James and the Gift of Healing

Wednesday, November 10, 2010

Recently, Tim Challies posted on Daniel Doriani’s commentary on James. I found it incredibly intriguing, and it was well worth the read. I wrestled with it for days. While I don’t want to dive into the deep end with regard to the continuationist vs. cessationist debate, I would like to examine further healing and the book of James.

In his post, Challies shares the following quote from Doriani’s commentary:

Sick men and women call the elders as a group. They do not call those with a gift for healing; rather they call all to pray for healing. James says the prayers of a righteous man are effective. Since the first qualification for an elder is holiness—not social standing or theological acumen—the prayers of elders are effective. The elders pray for healing, not for miracles. It doesn’t matter if a healing is quiet or splashy, True healings garner all the attention they need.

The reference from the book James is:

Is anyone among you sick? Let him call for the elders of the church, and let them pray over him, anointing with oil in the name of the Lord. And the prayer of faith will save the one who is sick, and the Lord will raise him up. And if he has committed sins, he will be forgiven. Therefore, confess your sins to one another and pray for one another, that you may be healed. The prayer of a righteous person has great power as it is working. (James 5:14-16)

I do believe that Doriani’s commentary has some great insight into the passage. It is particularly useful in understanding why the elders would be called to pray for the one who is sick. However, I believe Doriani’s implications against the gift of healing fail for a couple of reasons.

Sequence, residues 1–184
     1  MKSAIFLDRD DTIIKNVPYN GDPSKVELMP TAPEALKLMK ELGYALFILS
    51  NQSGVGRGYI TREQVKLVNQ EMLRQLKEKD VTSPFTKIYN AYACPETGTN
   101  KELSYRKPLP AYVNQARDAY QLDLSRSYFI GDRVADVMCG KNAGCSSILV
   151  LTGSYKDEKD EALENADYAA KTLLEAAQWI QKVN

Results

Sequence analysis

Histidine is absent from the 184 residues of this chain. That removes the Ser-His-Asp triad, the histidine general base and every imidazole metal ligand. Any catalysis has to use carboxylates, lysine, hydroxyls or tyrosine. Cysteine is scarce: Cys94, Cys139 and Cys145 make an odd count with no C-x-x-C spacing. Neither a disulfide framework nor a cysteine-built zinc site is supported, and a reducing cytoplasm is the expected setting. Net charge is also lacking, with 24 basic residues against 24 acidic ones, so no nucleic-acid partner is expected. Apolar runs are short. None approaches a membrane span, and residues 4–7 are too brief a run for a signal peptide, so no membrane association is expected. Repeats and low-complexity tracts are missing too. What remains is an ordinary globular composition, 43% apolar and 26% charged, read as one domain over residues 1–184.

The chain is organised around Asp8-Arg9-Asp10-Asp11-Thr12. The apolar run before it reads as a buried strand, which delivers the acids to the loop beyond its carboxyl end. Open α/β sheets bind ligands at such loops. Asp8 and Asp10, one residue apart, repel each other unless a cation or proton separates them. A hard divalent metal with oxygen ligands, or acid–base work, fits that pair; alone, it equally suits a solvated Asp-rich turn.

1. Most likely, the Epistle of James was the earliest of the New Testament books written, well before Paul wrote 1 Corinthians. Even cessationists would agree that the gift of healing would have been present at the time James wrote his letter. Thus, James could not be presenting an argument against the gift of healing grounded in the cessationist framework. Even if the gift of healing has ceased now, it had not yet ceased when James had written his letter.
  2. It is an argument from silence. James’ position on the gift of healing could hardly be determined from this passage for the simple reason that he did not even mention the gift. We do not know why he did not mention it. Doriani’s statements are speculative. He is reading the continuationist-cessationist debate into the text.
  3. Doriani appears to make some statements against a straw man continuationist. Why else would he say “The elders pray for healing, not for miracles” or “It doesn’t matter if a healing is quiet or splashy, True healings garner all the attention they need.”

Again, I still find this a profitable discourse. Doriani’s insight should not be shirked by the continuationist. Continuationists could be served from Doriani’s statements.

Follow-Up Questions:

  1. When was the last time you saw the elders called to pray for healing?
  2. Instead of placing James in opposition to the gift of healing, how would these work in tandem?
  3. What could the elder do in the situation that the one gifted in healing could not?